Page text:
was carless
was carless
6 months ago
Reply to  Atreus

Excellent points – summed up by the old saying: “perfect is the enemy of the good.”

blumdrew
7 months ago

This statement is frankly so full of bs that I can hardly read it without my blood pressure spiking. And I’m late for dinner, so I’ll keep it brief.

Throwing quick build under the bus? Check.
Calling bike lanes a maintenance concern? Check.
Implying that business concerns (that are likely barely related) are on the same level as human lives? Check.

Fred
Fred
7 months ago
Reply to  blumdrew

Yep – take your BP meds and then listen to JM’s podcast, in which Mapps equates safety stats with business-owner complaints. Infuriating.

aquaticko
aquaticko
6 months ago

Seriously. Data are one thing; interpretation is what matters, and is inherently non-neutral.

Dave Fronk
Dave Fronk
7 months ago

Hit job just like the baseless attacks on Gonzalez during the last election.

Expect more of this. The far-left political establishment is very, very threatened right now.

Chris I
Chris I
7 months ago
Reply to  Dave Fronk

The far-left is attacking Millicent Williams? Is she also a Republican somehow?

Damien
Damien
6 months ago
Reply to  Dave Fronk

The far-left political establishment is very, very threatened right now.

Posts like this make me imagine Mainers complaining about the “wild west” of New Yorkers. Meanwhile the west coast laughs at the sheer myopia.

morganblee
morganblee
7 months ago

Jonathan, thank you so much for continuing to cover this. I personally believe this bike lane debacle to be a harbinger of things to come, with much further reaching implications to our bike and ped network as a whole. It doesn’t appear that BBAC Meeting minutes or recordings are consistently posted for the public after the fact, so I’d like to share my public comment delivered at the BBAC Meeting today.

“Director Williams, the effort to remove swaths of the protected bike lane on SW Broadway, that was just completed in 2022, is unacceptable. Even more egregious, is the attempt to do so with no public engagement, while at the same time pausing the fully funded and in-progress project to install safe pedestrian & bike infrastructure at the Rose City Park Golf Course in the name of more robust public engagement – despite public engagement already having been completed and despite the Roseway Neighborhood association being supportive of the change. One might come to the conclusion that the goal is simply to degrade efforts of improving multi-modal transportation infrastructure and reduce safety at all costs. I have a hard time believing that the funds being used for the review of or removal of a brand new protected bike lane were earmarked for that purpose. What budget process was followed to allocate these funds? What needs had to be sidelined in order to pay for this? I am requesting that this review be halted, and that our very limited funds be used where they are actually needed. Moving forward with this will directly contribute to continued neglect of other transportation needs and to degrading safety. Actively working to put human lives at risk in one breath while discussing Vision Zero in another is impermissible.”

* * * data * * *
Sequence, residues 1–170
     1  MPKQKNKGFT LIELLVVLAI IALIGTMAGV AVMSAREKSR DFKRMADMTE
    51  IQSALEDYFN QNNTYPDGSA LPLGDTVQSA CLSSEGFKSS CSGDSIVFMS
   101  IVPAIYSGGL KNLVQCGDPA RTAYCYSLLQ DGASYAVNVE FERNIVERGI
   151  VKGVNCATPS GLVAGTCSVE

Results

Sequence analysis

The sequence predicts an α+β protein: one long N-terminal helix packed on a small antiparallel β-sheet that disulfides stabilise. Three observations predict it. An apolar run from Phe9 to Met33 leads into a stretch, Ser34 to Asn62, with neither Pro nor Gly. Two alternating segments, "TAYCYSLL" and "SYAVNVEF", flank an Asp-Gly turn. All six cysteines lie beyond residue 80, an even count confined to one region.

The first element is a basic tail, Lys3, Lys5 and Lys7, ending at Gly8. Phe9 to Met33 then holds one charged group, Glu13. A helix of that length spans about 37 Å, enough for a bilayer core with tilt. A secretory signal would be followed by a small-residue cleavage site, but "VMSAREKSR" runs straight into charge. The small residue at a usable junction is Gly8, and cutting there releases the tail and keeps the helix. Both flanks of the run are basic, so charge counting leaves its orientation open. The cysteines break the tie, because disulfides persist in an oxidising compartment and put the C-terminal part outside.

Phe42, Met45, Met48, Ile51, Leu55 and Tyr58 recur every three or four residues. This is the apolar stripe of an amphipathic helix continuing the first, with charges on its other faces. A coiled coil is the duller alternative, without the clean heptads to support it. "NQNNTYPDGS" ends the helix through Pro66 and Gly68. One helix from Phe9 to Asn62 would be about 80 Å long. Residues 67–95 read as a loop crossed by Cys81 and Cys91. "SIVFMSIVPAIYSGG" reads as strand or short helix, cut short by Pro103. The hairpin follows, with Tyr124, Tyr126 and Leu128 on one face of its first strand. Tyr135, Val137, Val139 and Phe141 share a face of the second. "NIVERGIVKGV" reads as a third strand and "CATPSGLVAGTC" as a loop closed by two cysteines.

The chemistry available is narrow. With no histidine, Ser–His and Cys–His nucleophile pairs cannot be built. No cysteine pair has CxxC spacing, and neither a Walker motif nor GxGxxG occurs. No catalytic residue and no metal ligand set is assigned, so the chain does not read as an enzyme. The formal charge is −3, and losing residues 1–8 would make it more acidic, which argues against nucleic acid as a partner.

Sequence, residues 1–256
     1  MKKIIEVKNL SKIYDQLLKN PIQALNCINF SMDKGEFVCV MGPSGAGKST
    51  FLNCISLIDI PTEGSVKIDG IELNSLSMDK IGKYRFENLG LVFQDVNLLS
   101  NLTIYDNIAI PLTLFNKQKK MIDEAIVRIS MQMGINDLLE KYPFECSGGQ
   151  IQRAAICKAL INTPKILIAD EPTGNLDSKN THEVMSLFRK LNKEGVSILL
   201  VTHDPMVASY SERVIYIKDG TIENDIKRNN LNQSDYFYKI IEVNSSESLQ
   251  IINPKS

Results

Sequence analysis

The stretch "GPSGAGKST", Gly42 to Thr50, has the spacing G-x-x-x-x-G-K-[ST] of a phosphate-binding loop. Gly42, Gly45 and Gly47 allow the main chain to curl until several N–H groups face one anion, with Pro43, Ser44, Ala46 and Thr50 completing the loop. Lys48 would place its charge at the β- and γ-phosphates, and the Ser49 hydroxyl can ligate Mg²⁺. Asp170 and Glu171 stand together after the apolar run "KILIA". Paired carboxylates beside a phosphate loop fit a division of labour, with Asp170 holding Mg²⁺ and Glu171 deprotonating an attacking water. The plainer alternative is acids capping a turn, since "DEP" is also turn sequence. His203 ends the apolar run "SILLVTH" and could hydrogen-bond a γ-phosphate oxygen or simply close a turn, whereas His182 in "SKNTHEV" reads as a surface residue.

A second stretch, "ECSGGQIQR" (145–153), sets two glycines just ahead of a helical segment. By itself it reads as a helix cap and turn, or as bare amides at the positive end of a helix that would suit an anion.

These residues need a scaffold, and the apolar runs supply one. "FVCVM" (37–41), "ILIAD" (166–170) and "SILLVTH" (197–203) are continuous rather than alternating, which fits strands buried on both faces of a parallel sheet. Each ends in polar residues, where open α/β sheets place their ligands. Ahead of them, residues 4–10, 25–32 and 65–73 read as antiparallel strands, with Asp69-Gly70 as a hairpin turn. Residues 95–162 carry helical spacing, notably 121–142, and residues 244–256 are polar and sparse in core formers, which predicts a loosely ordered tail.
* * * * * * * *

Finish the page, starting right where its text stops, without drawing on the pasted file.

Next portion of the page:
My impression from the meeting is that any public engagement initiated for the SW Broadway bike lane will only be to check the box, and that the destruction of large portions of the brand new protected bike lane will move forward. I am of the belief that Williams brought up ‘maintenance issues’ because she is utilizing funds earmarked for maintenance for this effort when it is unlikely that it meets the criteria for the use of those funds. I plan to look into it. Regardless, using any funds for this is a waste of resources and fiscally irresponsible. Meanwhile, the remainder of the meeting was spent outlining how PBOT doesn’t have enough funds to go around. I am starting to understand why.

Dusty Reske
Dusty Reske
7 months ago
Reply to  morganblee